AoC: The Path From Hell

Amuntoth just wrote a piece on roleplaying in MMOs, and his post served as the catalyst for me breaking down and writing an introductory piece for my current Age of Conan character, Tanaji.

The problem with the Conan-verse is that it’s already based on some heavily stylized writing, that of Robert E. Howard. Howard’s stories are very pulpy and at times a little trite (Conan sleeps with another beautiful woman!), but they definitely have a certain unifying style — a style that I was certain I’d be unable to duplicate.

But I wanted to write something about my character, and I gave it my best shot – I hope you enjoy.

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As the pair worked their way inland, the cool breeze blowing in off of the ocean had disappeared, dying amongst the bramble and vines of the jungle. Now only the hot, sticky filth of the tropics remained.

Tanaji tried to wipe sweat out of her eyes, but only succeeded in re-moistening the dried blood on her hands. With that last provocation, the Khitani’s irritation finally boiled over. “I thought you said you knew the way, whore.”

“I do, I do,” the blond wench called out from ahead. “I just need to get my bearings. Those brutes”–and here Tanaji noticed the pathetic thing shuddered–“chased me for a long while, and then-”

Now the whore was bawling uncontrollably. Tanaji groaned. Her only way out of this forsaken hell hole was a woman broken in both body and spirit.

Kill her, someone whispered Tanaji’s her ear. Instinctively, she spun around and struck, only to slide her blade through open air.

It took the Khitani a second to realize that she had screamed out as she had swung, and that her unexpected yell and strike had terrified the whore, Casilda, into silence. For a long moment, neither woman moved or spoke. Only the ambient noise of the jungle permeated the scene.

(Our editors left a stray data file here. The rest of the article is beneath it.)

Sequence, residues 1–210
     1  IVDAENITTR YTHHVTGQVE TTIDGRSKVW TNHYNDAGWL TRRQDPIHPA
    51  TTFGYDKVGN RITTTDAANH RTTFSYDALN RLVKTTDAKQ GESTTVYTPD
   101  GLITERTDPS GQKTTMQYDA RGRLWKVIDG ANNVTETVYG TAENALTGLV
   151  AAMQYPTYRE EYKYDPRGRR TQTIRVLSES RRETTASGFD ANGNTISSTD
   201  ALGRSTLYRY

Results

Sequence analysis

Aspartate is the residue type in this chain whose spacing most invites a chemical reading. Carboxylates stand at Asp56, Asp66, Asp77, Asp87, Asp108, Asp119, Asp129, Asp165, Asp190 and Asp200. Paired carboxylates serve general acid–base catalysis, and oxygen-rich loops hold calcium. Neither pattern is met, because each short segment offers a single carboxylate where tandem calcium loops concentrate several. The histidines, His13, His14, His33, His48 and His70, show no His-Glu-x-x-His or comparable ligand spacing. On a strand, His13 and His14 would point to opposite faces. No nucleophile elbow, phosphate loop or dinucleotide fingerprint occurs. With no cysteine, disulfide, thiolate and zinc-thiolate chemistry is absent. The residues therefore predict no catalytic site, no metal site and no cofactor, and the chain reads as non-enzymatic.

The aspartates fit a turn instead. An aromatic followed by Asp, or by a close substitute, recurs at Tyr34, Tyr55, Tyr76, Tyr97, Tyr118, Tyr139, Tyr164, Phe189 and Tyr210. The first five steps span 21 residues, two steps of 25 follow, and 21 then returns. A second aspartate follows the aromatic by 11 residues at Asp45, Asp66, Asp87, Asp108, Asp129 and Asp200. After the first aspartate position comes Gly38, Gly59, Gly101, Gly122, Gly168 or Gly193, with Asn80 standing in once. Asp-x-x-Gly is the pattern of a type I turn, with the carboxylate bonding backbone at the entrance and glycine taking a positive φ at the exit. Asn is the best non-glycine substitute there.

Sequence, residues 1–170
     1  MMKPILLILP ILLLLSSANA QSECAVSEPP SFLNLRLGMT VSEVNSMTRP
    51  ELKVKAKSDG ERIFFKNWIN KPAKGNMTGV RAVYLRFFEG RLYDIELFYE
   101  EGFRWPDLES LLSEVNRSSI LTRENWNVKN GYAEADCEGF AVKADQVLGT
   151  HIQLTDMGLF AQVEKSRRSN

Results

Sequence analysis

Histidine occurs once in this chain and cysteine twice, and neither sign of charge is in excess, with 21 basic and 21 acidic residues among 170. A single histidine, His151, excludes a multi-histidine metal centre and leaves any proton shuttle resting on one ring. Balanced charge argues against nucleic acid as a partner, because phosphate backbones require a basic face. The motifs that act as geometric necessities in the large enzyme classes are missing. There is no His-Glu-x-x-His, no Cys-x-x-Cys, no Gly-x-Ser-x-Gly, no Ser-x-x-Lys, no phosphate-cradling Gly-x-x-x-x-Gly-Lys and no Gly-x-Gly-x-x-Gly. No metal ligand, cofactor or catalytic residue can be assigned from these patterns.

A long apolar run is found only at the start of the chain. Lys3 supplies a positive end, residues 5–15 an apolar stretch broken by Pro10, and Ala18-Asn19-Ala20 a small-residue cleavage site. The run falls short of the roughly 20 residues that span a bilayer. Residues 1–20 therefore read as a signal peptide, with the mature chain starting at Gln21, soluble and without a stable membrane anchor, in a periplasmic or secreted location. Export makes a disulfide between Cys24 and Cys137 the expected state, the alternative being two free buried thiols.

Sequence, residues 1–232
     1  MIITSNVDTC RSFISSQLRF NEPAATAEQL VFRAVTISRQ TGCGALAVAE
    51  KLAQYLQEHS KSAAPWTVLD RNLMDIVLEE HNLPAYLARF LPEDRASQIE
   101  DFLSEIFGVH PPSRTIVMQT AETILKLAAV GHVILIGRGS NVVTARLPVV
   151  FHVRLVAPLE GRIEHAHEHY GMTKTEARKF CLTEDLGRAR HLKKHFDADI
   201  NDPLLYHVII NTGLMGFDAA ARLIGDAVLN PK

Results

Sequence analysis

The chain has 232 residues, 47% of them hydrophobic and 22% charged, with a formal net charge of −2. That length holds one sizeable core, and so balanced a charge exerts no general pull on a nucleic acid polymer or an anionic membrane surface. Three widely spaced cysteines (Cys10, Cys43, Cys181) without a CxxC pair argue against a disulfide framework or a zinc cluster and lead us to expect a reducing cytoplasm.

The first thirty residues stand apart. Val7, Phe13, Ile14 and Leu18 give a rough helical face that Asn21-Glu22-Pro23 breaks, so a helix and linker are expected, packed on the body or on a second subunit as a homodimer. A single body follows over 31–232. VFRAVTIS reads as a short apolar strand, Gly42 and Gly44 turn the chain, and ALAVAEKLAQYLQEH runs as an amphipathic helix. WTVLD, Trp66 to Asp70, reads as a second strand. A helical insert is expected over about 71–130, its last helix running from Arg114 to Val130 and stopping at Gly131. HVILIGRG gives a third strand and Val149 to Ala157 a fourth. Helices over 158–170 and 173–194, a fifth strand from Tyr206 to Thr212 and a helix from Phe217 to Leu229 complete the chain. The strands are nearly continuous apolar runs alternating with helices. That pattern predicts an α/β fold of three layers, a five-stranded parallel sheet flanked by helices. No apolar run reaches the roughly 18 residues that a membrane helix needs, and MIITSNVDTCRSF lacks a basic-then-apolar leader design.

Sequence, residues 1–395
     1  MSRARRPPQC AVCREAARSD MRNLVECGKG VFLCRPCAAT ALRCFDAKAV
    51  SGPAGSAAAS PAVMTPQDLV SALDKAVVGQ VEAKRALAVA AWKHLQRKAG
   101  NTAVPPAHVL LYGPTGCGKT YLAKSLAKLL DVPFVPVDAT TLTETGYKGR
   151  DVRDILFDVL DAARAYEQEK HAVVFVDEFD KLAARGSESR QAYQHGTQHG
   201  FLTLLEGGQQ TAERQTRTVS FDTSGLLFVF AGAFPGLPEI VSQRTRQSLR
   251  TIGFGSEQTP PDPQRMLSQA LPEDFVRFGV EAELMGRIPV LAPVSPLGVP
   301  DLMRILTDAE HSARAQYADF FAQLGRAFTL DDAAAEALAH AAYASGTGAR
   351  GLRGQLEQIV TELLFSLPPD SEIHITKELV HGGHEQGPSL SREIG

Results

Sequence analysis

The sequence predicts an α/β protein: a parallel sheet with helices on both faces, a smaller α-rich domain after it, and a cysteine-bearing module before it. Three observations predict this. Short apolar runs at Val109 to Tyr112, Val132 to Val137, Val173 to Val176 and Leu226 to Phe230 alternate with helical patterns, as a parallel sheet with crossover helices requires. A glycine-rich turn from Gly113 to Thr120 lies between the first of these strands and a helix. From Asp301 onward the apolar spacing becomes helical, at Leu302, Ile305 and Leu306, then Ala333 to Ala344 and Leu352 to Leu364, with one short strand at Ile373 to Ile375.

Finally, Tanaji turned and sheathed her weapon. “When I was a slave, that detestable slaver abused me in unimaginable ways,” she said, uncharacteristically quiet.

“‘When I was a slave,'” Casilda scoffed through her tears. “Words alone do not unfetter manacles, woman.”

Tanaji raised her wrist. “You mean these? I’ll find a way to get them off. In the same way I cut down that bastard Saddur.” A pause. “Look, what I’m trying to say is that no amount of crying while fix the past. Nothing can change that. Those men mercilessly raped you. But… action now, in the present, can change the future. If it helps you recover, I swear I’ll hunt down and murder each man who hurt you. It’s the least I can do for your help.”

—–     —–     —–     —–

Of course,” Tanaji thought to herself much later, “it was easy for me to say that.”

Casilda stirred beside her, but didn’t awake. It turned out the whore had indeed gotten them lost, and the pair had been forced to camp in a clearing for the night. It was probably for the best; the heat had been driving Tanaji to start hallucinating voices.

The Khitani raked the coals, still buried in thought. She could easily promise the death of half a dozen men – she had no memory, no attachments, and killing seemed to come easily to her.

It deeply worried her, the ease with which she had taken life. Had she been a soldier, before? She could remember growing up in Khitai, traveling with her merchant parents, seeing the Great Wall for the first time, learning to write–